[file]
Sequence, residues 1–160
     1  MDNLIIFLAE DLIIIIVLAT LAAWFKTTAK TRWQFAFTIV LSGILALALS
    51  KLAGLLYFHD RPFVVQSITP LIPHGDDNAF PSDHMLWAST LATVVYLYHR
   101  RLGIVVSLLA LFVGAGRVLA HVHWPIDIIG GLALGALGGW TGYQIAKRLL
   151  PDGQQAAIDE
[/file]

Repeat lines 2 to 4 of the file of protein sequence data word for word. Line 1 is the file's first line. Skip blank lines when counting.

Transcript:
     1  MDNLIIFLAE DLIIIIVLAT LAAWFKTTAK TRWQFAFTIV LSGILALALS
    51  KLAGLLYFHD RPFVVQSITP LIPHGDDNAF PSDHMLWAST LATVVYLYHR
   101  RLGIVVSLLA LFVGAGRVLA HVHWPIDIIG GLALGALGGW TGYQIAKRLL